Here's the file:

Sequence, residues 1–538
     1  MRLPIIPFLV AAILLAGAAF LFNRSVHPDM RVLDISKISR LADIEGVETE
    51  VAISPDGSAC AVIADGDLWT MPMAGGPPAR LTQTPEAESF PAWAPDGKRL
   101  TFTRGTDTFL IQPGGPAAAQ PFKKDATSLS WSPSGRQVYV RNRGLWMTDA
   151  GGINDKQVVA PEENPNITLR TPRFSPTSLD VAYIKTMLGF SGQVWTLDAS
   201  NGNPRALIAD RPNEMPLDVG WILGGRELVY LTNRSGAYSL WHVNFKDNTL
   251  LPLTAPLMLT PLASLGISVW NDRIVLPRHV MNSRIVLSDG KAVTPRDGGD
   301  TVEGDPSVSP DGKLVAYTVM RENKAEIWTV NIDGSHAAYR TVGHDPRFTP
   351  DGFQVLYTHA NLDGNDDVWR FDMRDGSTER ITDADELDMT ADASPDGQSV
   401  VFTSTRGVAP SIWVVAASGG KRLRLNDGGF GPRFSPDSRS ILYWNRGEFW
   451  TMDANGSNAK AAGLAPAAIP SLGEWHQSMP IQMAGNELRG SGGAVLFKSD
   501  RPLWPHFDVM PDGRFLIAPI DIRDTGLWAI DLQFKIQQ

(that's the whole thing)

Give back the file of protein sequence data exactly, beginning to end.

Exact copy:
Sequence, residues 1–538
     1  MRLPIIPFLV AAILLAGAAF LFNRSVHPDM RVLDISKISR LADIEGVETE
    51  VAISPDGSAC AVIADGDLWT MPMAGGPPAR LTQTPEAESF PAWAPDGKRL
   101  TFTRGTDTFL IQPGGPAAAQ PFKKDATSLS WSPSGRQVYV RNRGLWMTDA
   151  GGINDKQVVA PEENPNITLR TPRFSPTSLD VAYIKTMLGF SGQVWTLDAS
   201  NGNPRALIAD RPNEMPLDVG WILGGRELVY LTNRSGAYSL WHVNFKDNTL
   251  LPLTAPLMLT PLASLGISVW NDRIVLPRHV MNSRIVLSDG KAVTPRDGGD
   301  TVEGDPSVSP DGKLVAYTVM RENKAEIWTV NIDGSHAAYR TVGHDPRFTP
   351  DGFQVLYTHA NLDGNDDVWR FDMRDGSTER ITDADELDMT ADASPDGQSV
   401  VFTSTRGVAP SIWVVAASGG KRLRLNDGGF GPRFSPDSRS ILYWNRGEFW
   451  TMDANGSNAK AAGLAPAAIP SLGEWHQSMP IQMAGNELRG SGGAVLFKSD
   501  RPLWPHFDVM PDGRFLIAPI DIRDTGLWAI DLQFKIQQ